filling the empty nest with food
#1. Now I know why everyday cooks don’t use French cuisine techniques. It’s 8pm on a weeknight, I’ve been cooking, sautéeing, and simmering for the past hour and a half and have produced a small mountain of dirty dishes and about 3 cups of a lovely silky cream of celery soup. Enough to whet the appetites of two gracious friends, but in Escoffier’s French restaurant that would only be one of two soups before the main course. Imagine the dishes for the entire meal!
#2. If you want a soup that tastes of the essence of your main ingredient, the effort is definitely worthwhile.
#3. I’m learning that cooking by technique means there aren’t step-by-step recipes to follow. For a velouté soup, you need to know that it’s one of five distinct thick soups (as opposed to clear soups). There are purées, veloutés, thickened consommés, crèmes, and special potages. Escoffier assures us that he’s “classified rationally” all manner of soups and cleared up the confusion as to which is which. (Thank heaven for that!)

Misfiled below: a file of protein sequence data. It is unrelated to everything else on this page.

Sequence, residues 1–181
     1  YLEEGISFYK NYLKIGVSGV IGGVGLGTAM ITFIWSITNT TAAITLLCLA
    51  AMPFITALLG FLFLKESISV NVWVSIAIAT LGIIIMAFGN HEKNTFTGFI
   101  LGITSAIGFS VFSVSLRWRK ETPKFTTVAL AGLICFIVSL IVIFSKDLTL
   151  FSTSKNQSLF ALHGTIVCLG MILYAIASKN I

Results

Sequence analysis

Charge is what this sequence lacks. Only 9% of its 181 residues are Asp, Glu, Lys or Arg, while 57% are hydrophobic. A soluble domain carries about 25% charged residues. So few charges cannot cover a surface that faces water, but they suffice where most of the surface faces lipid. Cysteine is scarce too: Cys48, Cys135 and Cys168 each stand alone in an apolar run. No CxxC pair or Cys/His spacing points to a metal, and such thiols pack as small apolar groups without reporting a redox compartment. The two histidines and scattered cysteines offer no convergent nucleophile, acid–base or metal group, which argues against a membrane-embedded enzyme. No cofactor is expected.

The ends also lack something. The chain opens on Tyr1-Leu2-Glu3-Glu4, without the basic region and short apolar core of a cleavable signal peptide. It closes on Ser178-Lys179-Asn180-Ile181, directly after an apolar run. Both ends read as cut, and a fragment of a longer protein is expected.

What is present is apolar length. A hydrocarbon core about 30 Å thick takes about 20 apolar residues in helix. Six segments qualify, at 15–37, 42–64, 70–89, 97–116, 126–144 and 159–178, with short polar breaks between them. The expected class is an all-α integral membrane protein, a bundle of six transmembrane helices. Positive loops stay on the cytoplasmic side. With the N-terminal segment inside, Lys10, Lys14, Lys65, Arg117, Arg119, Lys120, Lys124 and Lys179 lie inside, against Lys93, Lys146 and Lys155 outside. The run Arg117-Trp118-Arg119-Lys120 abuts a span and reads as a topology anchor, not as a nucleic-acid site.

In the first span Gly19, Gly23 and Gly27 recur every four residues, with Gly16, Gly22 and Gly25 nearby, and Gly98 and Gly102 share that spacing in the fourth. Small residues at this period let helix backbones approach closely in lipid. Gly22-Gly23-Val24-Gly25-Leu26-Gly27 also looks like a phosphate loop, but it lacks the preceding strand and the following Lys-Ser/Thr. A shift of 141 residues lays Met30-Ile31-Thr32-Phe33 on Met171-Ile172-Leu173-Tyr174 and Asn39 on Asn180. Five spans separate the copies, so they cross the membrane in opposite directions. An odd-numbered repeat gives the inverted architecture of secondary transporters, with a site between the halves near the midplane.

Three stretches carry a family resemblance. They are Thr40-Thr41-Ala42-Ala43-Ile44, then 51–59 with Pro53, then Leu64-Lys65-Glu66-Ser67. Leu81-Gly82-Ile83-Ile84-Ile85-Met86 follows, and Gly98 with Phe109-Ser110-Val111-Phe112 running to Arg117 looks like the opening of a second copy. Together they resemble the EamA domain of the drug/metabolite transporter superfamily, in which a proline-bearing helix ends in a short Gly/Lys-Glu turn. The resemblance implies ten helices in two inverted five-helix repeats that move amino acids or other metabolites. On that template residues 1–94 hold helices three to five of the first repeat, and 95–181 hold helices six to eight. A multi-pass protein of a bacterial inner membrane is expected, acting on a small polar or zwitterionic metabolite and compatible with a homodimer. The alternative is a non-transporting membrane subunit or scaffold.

#4. What makes it velouté is the porportion of main ingredient to sauce and thickener. Veloutés consist of one half puréed main ingredient (vegetable, poultry, or fish), one half velouté sauce, plus a liaison (aka thickener) of egg yolk and cream.
#5. Don’t skip any of the steps. The mountain of dishes comes from sautéeing the celery–in butter, of course–mixing in the velouté sauce, puréeing the mixture, then straining the purée through a strainer, and whisking in a mixture of egg yolk and cream. I almost skipped the step of straining the mixture, but am glad I didn’t. There’s something about a smooth, creamy, silky soup that tastes of your main ingredient and has no distractions.